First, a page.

Bryce Canyon National Park Is Now Closed
ST. GEORGE — Bryce Canyon National Park closed indefinitely to the public on Tuesday afternoon, National Park Service officials announced in a statement.
The closure follows Arches, Canyonlands and Zion national parks, which have all shut their gates to the public in recent weeks amid coronavirus concerns. The lock-downs have taken place when most of Southern Utah’s rural counties normally would be gearing up for increased tourist traffic, which fuels the local economy. But with widespread cancellations decimating the season and only one national park partially open, some local officials now say the region is facing an “economic crisis.”
For that reason, Bryce Canyon National Park had taken intermediary steps before electing for a full closure of the park. It had been working for weeks to implement guidelines put in place by the Centers for Disease Control and Prevention and state officials, including Gov. Gary Herbert’s “Stay Home, Stay Safe” directive. But it recently became clear that further measures were needed, Linda Mazzu, superintendent of Bryce Canyon National Park, said in a statement.
“Continued visitation to Bryce Canyon made it hard to maintain the thresholds needed to ensure a safe visit, which is why this temporary closure is so important,” she said.
The closure is backed by local officials and follows the recommendation of the Southwest Utah Public Health Department, which viewed the recent closures of the state’s other national parks as a cause for concern.
“Due to the increasing difficulty of ensuring adequate social distancing between visitors, especially after the closure of Zion and other attractions, our health district supported the closure of Bryce Canyon National Park,” health department spokesperson David Heaton said in a statement.
Although the local economy has already taken a big hit due to the drop-off in tourism, local officials and business leaders supported the park’s closures, said Garfield County Commissioner Leland Pollock, who also approved of the decision.
“We can’t look at this from just one perspective,” he said. “We have to look at this holistically, at what’s good for our county, our people.”
Other areas of Garfield County — an area the size of Connecticut, which is roughly 96% public lands — have been closed to the public as well, Pollock added. Those include Calf Creek, a hiking area known for its waterfalls, and the Escalante Canyons.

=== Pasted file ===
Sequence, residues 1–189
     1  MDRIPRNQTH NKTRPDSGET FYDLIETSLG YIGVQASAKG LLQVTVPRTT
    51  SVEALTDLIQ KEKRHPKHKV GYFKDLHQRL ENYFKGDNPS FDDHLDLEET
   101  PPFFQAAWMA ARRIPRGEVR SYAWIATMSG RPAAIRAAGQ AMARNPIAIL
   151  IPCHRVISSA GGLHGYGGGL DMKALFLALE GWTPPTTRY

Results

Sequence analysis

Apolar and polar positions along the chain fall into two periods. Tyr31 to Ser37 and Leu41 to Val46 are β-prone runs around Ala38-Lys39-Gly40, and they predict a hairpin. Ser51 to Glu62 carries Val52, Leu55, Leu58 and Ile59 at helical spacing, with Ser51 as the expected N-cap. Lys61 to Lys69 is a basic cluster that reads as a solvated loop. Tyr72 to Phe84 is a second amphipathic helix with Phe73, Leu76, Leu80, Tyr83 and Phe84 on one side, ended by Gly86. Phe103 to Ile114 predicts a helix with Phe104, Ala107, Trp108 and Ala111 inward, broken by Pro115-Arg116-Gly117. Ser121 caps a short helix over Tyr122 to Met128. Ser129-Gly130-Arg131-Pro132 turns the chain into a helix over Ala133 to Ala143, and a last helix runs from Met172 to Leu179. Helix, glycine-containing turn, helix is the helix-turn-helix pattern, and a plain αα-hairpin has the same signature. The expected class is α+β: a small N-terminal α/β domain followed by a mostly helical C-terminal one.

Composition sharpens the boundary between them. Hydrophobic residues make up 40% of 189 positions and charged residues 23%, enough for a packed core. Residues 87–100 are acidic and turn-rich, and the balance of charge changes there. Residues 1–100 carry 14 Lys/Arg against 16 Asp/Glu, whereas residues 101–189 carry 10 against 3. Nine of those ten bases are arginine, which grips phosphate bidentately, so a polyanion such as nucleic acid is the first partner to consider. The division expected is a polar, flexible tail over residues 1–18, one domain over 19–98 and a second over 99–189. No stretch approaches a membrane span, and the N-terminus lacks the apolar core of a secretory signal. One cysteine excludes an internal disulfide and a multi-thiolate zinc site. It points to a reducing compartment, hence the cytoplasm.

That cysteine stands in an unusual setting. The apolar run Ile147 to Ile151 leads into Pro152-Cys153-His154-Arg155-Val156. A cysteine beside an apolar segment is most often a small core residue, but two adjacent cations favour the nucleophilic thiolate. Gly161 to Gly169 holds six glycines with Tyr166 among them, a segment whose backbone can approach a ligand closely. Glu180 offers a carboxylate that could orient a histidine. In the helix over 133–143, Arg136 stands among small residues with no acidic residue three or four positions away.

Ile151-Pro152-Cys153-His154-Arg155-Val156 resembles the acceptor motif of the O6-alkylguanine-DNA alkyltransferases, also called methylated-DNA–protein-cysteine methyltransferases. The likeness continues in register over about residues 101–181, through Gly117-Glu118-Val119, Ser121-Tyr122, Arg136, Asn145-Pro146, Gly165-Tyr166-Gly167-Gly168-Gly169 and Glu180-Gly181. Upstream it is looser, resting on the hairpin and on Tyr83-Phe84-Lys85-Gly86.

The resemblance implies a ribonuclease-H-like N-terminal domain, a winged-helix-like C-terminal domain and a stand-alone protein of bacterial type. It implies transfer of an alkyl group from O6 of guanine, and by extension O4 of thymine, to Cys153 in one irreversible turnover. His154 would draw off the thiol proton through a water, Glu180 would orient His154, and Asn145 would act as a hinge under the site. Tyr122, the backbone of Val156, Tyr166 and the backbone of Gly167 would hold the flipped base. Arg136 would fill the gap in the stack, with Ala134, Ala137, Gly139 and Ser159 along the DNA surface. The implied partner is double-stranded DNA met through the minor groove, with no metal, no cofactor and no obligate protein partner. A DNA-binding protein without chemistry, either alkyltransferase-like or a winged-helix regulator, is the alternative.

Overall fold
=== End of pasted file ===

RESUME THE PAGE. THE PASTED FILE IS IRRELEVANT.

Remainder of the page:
The reason for the additional closures are twofold, Pollock said. The narrowness of the hiking trails makes it impossible to practice effective social distancing. It also requires volunteer first responders to conduct all rescues on foot or on horseback, which may not be possible while wearing personal protective equipment.
Narrow trails are also a concern in Capitol Reef National Park — the last national park in the state to remain partially open.
As of Tuesday, the park’s facilities, main campground and visitor services are closed. But backcountry areas, as well as the trailheads and parking areas off Highway 24, are still available for public use.
The park has tried to provide recreational opportunities for Utahns while ensuring that its staff, volunteers and visitors are protected from exposure to COVID-19, the park’s superintendent, Susan Fritzke, said. But the abundance of out-of-state license plates seen in the park was a cause for concern.
She added that a full shutdown of Capitol Reef is challenging because the roads running through it — Highway 24 and Burr Trail Road — are essential thoroughfares in the region.
However, the park may soon be changing its approach due to what Fritzke identified as a steady stream of visitors from states under “stay at-home orders” and the prevalence of different groups failing to maintain proper social distancing.
“We are in the process of now evaluating the possibilities of shutting down additional areas of the park to public access for the purposes of basically protecting ourselves, our counties and the people coming through this area,” she said.